He’d tabled this damn conversation as long as he could, tried to find her on his own. And fuck knew he had skills when it came to tracking people down—even those who didn’t want to be found. But Christ, the woman had disappeared completely. She’d ghosted him, which was ironic, considering she’d spent the last year trying to wriggle her way into his life, and his bed. But now, when he needed her help, she was nowhere to be found.

Dylan King—codename Lucky—Squish’s best friend and teammate, was also missing. He’d been missing four weeks now. If he were able to walk out of that jungle on his own, he would have already done so. Ergo—for whatever reason—Lucky couldn’t do the walking himself. He needed to be found.

They needed to bring him home.

And they’d tried to do that over the past couple of weeks. Squad after squad had gone back in to look for him. Even Wolf and his old unit had broken their retirement to comb through the Amazon. And if those boys couldn’t find him, well, Lucky was screwed.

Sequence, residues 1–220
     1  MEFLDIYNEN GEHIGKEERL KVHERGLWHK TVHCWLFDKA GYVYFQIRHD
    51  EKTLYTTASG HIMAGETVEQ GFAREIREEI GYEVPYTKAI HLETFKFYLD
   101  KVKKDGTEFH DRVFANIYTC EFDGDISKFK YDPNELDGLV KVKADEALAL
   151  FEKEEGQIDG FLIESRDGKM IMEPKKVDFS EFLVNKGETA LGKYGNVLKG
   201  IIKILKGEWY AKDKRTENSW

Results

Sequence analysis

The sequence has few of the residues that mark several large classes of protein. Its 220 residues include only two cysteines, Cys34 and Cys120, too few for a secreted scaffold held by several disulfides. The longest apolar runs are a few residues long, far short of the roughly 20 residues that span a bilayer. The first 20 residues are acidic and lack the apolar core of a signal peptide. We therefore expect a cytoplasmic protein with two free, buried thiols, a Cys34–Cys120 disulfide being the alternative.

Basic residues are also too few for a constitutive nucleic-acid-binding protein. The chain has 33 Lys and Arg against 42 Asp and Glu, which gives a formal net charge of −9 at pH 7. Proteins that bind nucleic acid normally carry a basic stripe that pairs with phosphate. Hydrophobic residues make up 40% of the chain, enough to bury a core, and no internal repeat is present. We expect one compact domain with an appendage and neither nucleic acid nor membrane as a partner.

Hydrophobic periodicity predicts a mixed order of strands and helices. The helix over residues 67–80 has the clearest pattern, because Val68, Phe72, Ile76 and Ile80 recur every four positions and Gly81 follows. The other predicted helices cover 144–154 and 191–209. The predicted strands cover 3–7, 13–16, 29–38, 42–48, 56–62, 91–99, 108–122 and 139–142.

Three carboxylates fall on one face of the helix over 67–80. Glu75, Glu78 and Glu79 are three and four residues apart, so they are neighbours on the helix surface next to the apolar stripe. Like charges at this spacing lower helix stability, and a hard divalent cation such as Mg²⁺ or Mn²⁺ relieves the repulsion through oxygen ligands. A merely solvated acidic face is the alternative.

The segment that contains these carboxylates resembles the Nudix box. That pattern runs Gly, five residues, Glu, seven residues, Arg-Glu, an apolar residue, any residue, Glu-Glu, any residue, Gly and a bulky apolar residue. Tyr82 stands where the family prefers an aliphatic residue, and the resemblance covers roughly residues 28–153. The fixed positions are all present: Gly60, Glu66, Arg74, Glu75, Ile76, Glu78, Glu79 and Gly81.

So, it was time to pivot, try a different tactic. Which meant he needed Mandy’s help...if that was even her real name.

The fact the woman had ghosted him was a clear indication she didn’t want to help. Under the circumstances, he couldn’t exactly blame her. The whole damn thing was beyond ironic. To find Lucky, he needed to find Mandy first—the woman he’d told to get lost the last time he’d seen her. But hell, he hadn’t thought she’d take the suggestion quite so literally, or that he’d need her help so desperately.

He grimaced. He’d said even uglier things that day. Lies meant to drive her away, to ease the constant strain on his self-control. And it had worked. She’d left. Life should have been smooth sailing, would have, if it hadn’t been for that last op where he’d been injured, and Lucky had gone missing, possibly been killed.

Squish flinched at the thought. He’d lost friends before—it was a given in his profession. But this was different. This was Lucky, and his buddy hadn’t been lost, he’d been abandoned.

They’d fucking left him behind.

Squish’s throat ached. Yeah, sure. He got that Lucky’s tracker had malfunctioned. He knew that numerous squads had gone back to look for him. He knew all that. But it didn’t negate the fact that they’d left him behind. You never left a brother behind. Never. Whether it was across a shoulder or wrapped in plastic, special operators always brought their boys back home.